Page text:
Take a moment to consider your own feelings about your child's back-to-school transition. Are you anxious about it? Stressed about the changes to your family's schedule and routine? Worried your child won't fit in or make friends?
Note your feelings and decide on the steps you need to take to ensure that you aren't placing your own anxiety about it onto your child.
Pick up your child's teacher assignment and/or class schedule before hand
If there is an open house at your child's school, make plans to attend it and allow your child time to meet and talk with their new teacher. If you are unable to attend it or if your school doesn't offer one, call the school office and see about making arrangements with the teacher before the first day.
Even if your child is attending the same school they attended in the past, walk around the building and let your child see the classroom, locate the nearest bathrooms, and practice how to get to their new class location from the entrance and where they will exit at the end of the day.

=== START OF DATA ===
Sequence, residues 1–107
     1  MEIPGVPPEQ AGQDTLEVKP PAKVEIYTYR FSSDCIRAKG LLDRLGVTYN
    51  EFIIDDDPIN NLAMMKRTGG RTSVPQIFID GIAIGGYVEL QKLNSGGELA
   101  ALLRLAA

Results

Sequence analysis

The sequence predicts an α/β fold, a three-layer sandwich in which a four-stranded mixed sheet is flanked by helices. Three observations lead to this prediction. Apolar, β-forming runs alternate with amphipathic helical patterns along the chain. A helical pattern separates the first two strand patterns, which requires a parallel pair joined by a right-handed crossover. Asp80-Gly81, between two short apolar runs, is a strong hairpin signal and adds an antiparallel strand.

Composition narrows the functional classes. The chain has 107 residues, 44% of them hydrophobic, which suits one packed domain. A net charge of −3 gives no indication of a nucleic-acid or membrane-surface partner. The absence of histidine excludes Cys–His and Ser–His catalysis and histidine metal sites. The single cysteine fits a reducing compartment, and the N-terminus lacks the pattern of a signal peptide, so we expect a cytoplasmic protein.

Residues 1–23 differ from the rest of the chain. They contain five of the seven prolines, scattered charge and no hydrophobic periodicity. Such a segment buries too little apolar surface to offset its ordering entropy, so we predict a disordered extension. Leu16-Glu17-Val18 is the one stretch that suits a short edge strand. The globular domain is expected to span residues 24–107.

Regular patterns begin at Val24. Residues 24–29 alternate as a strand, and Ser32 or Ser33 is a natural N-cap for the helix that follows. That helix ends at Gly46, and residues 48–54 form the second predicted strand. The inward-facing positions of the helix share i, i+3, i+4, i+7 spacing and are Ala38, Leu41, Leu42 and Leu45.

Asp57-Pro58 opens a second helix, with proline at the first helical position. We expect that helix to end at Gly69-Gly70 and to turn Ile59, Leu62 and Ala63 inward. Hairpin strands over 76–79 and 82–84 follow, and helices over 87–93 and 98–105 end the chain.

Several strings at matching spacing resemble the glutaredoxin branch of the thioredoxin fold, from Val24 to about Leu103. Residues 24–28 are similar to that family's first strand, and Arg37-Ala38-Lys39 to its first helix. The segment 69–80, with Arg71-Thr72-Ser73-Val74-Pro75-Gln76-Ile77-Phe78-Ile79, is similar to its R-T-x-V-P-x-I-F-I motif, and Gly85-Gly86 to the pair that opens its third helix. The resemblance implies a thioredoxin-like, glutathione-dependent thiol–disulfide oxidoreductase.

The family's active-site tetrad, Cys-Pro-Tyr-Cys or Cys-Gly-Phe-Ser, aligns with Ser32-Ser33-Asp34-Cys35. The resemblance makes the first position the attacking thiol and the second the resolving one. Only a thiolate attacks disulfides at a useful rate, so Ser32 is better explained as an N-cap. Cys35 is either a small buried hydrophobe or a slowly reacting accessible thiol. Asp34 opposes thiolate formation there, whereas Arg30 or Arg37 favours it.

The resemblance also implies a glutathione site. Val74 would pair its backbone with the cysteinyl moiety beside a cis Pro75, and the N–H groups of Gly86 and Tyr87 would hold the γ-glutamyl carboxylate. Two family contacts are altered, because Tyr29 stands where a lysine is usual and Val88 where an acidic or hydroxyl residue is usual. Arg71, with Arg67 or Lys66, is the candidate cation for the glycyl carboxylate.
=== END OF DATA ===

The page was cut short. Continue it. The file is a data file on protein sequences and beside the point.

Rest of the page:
If the school is a new school for your child, take a tour of the entire building and let your child locate the cafeteria, the gym, art rooms etc.
Practice your routine
One of the things we found really helpful was to do two (or more) test-runs the week before. That week we all set our alarms to the get-up-for-school time and went through our morning routines. The kids got dressed and did anything else they needed to do to get ready. Then, with backpacks, we'd hop in the car or set off walking to get to school.
When you practice your routine, go over the drop-off routine as well, and what you and your child will need to do. Be sure to practice your goodbye, and remember: one cheery "Have a great day" is best for reassuring your child.